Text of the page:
The killer whale named Kiska at Canada’s Marineland theme park, the country’s last captive orca who swam alone in her tank for more than a decade, has died.
Brent Ross, a spokesman for the Ministry of the Solicitor General in Ontario that oversees animal welfare in the province, said Monday that the theme park in Niagara Falls, Ontario, informed the province of the death last week.
Kiska was believed to be 47 years old and had lived at Marineland since being captured in Icelandic waters in 1979. She was captured alongside Keiko, who became famous in the movie "Free Willy," and the pair lived together for a few years at Marineland in the 1980s. Keiko was sold to an aquarium in Mexico in 1985 and eventually ended up at SeaWorld in the U.S.
Kiska appeared in shows at Marineland for years but had not performed for more than a decade. She spent that time in a large pool at the park’s Friendship Cove separated from a pod of belugas.
SeaWorld also has stopped its theatrical shows with orcas and ended its breeding program in 2017, meaning that its current orcas will be the brand's last generation in captivity.
The Marineland park told the Niagara Falls Review newspaper that the killer whale’s health declined recently "despite intensive interventions" by theme park employees and an international team of veterinarians.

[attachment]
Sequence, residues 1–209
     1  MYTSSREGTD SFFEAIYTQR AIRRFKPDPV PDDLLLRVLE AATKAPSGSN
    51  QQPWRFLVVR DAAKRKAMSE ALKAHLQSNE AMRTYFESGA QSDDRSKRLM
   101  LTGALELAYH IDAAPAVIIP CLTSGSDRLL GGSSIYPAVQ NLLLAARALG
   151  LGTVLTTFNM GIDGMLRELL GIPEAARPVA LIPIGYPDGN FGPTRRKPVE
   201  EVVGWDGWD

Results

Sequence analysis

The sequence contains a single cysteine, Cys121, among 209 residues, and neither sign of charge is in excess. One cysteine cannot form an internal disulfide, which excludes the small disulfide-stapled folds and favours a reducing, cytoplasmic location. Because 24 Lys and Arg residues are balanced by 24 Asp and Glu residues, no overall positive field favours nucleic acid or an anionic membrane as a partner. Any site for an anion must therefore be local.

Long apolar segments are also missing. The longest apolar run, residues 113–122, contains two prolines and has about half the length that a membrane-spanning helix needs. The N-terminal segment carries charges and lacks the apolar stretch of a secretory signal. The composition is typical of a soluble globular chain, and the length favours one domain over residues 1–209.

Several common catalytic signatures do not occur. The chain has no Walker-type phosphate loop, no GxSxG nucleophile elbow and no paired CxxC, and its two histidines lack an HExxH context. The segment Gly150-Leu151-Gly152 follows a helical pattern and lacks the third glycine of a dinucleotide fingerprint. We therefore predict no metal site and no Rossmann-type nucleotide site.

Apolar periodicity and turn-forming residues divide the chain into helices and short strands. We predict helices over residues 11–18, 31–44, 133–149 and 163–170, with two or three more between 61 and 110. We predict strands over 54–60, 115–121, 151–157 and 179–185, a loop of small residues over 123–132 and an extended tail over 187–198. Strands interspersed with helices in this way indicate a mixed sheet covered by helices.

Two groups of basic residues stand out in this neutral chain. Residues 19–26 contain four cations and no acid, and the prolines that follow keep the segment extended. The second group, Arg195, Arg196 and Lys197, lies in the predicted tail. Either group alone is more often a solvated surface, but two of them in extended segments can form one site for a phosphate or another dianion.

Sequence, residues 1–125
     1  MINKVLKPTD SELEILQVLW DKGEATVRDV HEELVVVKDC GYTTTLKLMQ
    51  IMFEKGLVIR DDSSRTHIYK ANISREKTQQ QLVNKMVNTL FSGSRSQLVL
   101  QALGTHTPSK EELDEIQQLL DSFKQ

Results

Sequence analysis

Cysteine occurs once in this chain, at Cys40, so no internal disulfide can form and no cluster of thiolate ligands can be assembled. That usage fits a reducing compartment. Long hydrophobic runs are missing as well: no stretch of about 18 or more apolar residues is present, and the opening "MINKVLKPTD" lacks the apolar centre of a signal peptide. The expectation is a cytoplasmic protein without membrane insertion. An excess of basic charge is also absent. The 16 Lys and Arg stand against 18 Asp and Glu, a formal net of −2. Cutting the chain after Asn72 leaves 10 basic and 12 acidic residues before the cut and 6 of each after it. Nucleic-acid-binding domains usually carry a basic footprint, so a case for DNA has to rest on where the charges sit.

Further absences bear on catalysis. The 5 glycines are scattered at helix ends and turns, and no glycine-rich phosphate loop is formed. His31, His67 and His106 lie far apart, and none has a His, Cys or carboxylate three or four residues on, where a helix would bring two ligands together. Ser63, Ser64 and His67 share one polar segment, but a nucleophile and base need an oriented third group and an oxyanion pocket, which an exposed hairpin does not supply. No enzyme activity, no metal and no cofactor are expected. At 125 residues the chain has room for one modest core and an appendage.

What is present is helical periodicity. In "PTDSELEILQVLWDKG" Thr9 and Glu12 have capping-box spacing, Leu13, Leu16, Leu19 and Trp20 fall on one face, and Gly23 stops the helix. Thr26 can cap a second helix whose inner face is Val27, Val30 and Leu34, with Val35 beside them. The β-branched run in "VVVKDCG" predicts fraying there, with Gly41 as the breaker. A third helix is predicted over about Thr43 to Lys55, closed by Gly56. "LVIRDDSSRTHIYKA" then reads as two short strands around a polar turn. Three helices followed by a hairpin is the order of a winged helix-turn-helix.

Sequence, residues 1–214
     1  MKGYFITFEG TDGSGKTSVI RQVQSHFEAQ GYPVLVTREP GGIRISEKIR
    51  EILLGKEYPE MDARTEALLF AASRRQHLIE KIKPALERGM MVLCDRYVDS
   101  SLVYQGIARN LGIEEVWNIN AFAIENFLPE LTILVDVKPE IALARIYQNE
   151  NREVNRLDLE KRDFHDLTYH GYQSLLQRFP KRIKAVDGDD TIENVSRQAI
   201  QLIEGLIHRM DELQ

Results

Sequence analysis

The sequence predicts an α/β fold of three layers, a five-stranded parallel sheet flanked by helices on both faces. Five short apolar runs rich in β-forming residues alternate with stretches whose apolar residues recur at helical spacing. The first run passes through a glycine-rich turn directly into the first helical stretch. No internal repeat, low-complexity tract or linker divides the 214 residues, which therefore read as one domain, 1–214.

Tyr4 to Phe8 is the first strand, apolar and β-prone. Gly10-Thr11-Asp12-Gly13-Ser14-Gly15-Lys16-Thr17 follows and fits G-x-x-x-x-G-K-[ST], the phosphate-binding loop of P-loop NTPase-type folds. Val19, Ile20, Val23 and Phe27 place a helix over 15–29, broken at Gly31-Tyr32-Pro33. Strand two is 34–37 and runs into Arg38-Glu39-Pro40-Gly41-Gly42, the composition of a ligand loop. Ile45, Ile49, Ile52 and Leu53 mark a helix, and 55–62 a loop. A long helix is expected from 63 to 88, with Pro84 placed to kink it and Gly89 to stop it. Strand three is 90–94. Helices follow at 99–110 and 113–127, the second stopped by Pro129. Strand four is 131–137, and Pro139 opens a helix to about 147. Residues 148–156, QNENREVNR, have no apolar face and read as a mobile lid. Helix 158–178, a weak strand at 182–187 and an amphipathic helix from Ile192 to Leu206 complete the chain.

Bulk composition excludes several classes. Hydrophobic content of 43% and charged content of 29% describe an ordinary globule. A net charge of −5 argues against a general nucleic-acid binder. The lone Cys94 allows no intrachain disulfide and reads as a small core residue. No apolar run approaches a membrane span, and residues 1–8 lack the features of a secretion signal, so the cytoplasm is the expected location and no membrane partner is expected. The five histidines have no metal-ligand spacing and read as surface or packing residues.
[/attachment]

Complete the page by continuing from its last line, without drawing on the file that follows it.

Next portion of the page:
Professionals hired by Marineland have conducted a necropsy on Friday in the presence of province officials, Ross said.
Marineland’s owner, Marie Holer, declined to comment.
In 2021, the province found that there were problems with the theme park's water system and ordered repairs for pools that house belugas, dolphins, walruses, sea lions and Kiska, court documents show. Marineland initially appealed the order, denying the findings, but later dropped the appeal.
The province has inspected the theme park 160 times since January 2020, but has declined to release findings of the inspections.
Christine Santos, who trained Kiska for 12 years until Marineland fired her in 2012, said she was in shock about news of the death.
"But at the same time I’m just really relieved she’s not alone anymore," Santos said.
Kiska was calm and easy to work with but also sometimes mischievous. She sometimes tricked new trainers into giving "her more fish and more rubs," Santos said.